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    This post almost makes zero sense… apart from “buy my product” it’s pretty much a series of unconnected dots and buzzwords masquerading as cohesive argument for… something?!

    tens of millions of requests every month ~ 4 requests per second…

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      Or just … don’t register them in the first place because they’re emblematic of everything that’s wrong with western colonialism: https://gigaom.com/2014/06/30/the-dark-side-of-io-how-the-u-k-is-making-web-domain-profits-from-a-shady-cold-war-land-deal/

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        they’re emblematic of everything that’s wrong with western colonialism

        Colonialism, you say?

        The rights for selling .io domains are held by a British company called Internet Computer Bureau (ICB) [..] The .io domains each cost £60 ($102) before taxes, or twice that if you’re outside the EU. The British government granted these rights to ICB chief Paul Kane back in the 1990s.

        Don’t you think something like “everything that’s wrong with governments deciding who gets to profit from what” would have been more accurate?

        All domain names are sold through some kind of state-enforced monopoly or cartel, which is also what enables the scourge that is domain squatting.

        What’s colonialism got to do with this, besides that the islands were colonized by a .. well, there’s that word again.

        1. -1

          So what’s the problem here, that some how the internet top level .io is some god-given right to some people that were born on an island? That if you were standing around on a piece of land then that land is yours from today till the end of days and that also extends to a particular set of two-characters that somebody else who invented and implemented a network had decided would be assigned some level of relevance to said piece of land? Is it also an injustice if i somehow implemented my own domain resolution system and don’t give up ‘io’ to these islanders? Do you have a list of strings that I need to give to people so I don’t oppress them?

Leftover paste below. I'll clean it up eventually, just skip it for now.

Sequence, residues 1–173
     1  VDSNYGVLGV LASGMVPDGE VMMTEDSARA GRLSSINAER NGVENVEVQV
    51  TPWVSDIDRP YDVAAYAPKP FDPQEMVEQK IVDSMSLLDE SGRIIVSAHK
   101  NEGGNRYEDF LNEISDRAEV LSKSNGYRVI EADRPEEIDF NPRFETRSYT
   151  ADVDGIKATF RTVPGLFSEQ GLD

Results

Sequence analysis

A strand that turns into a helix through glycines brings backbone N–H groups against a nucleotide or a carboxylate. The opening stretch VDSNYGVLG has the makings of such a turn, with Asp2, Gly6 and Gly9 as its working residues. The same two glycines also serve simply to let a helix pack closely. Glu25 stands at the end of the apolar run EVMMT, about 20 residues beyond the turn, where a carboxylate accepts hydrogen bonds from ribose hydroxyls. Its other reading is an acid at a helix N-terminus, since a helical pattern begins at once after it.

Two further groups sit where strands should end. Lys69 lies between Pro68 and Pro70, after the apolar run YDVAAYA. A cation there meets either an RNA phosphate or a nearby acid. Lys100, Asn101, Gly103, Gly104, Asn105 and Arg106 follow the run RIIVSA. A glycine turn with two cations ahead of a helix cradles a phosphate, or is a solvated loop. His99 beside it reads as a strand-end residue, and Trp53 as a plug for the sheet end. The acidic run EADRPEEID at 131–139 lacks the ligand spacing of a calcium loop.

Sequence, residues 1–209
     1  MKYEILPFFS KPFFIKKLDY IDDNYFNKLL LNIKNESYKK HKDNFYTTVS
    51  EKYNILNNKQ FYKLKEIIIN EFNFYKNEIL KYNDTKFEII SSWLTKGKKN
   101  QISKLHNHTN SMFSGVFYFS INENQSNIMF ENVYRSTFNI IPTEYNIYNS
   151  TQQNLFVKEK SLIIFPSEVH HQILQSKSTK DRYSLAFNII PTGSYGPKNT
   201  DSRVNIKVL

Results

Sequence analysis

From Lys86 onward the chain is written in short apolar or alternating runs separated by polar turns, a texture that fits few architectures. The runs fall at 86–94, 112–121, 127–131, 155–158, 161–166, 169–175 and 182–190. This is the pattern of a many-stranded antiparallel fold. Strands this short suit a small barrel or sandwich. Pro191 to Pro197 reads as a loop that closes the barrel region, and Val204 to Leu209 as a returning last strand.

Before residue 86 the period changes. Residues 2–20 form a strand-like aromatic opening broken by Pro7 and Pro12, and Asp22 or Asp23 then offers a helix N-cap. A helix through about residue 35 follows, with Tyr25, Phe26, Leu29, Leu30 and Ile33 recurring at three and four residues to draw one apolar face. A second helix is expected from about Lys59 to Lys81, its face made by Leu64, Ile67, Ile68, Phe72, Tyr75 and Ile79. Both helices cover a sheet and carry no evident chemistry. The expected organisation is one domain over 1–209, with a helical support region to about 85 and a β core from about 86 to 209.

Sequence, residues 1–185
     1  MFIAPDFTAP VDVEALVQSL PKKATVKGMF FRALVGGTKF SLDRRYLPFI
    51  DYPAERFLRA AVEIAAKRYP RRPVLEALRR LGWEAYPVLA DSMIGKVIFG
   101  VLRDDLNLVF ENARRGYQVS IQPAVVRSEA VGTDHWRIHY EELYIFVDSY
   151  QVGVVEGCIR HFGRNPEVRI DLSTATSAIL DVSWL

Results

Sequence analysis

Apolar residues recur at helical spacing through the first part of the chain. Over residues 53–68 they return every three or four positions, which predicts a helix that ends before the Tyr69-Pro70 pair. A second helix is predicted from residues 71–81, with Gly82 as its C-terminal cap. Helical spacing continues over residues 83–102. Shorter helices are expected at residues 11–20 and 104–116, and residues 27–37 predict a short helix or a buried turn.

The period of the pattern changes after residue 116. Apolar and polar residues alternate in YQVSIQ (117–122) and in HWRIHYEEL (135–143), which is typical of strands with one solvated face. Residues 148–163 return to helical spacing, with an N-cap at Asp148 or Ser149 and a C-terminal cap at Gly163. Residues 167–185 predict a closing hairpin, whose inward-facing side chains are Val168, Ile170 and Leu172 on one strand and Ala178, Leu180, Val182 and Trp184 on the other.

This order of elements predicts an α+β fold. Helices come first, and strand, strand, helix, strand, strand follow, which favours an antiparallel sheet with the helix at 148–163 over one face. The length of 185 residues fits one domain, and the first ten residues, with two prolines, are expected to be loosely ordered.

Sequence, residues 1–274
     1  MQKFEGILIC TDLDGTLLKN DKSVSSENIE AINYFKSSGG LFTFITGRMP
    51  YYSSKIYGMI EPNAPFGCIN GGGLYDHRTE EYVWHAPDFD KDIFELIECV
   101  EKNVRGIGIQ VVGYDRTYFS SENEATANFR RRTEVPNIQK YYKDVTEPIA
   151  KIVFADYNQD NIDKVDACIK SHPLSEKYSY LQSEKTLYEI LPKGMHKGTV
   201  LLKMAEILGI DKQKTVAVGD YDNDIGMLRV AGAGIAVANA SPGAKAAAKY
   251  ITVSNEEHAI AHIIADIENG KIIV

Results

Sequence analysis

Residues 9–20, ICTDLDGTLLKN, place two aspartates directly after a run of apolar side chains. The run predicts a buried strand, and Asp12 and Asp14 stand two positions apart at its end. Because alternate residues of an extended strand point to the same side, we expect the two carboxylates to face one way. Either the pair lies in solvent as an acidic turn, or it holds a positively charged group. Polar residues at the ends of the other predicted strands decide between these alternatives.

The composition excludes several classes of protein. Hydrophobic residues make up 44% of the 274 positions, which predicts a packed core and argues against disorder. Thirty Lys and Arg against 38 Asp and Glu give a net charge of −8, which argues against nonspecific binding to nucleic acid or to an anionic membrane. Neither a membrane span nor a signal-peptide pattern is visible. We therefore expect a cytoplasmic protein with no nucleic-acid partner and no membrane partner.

The amount of desperation that people have to fall for the ‘poor-innocent-uncivilized-islanders-slash-villagers-being-oppressed-by-evil-white-people’ narrative continues to boggle to mind.

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            how fucking stupid or wilfully racist do you have to be to not see that ‘poor-innocent-uncivilized-islanders-slash-villagers-being-oppressed-by-evil-white-people’ is quite literally the exact thing that happened here?

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          It’s really 2 companies in terms of analytics…

          • Pusher: push messaging / websockets as-a-service
          • Intercom: in browser messaging as-a-service
          • Launch Darkly: A/B testing + feature flags as-a-service
          • Amplitude: analytics
          • Appcues: in browser messaging and help / UI hints as-a-service
          • Quora (??): yeah… what is even happening here?
          • elev.io: support / help docs as-a-service
          • Optimizely: analytics
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            Optimizely is A/B testing as well.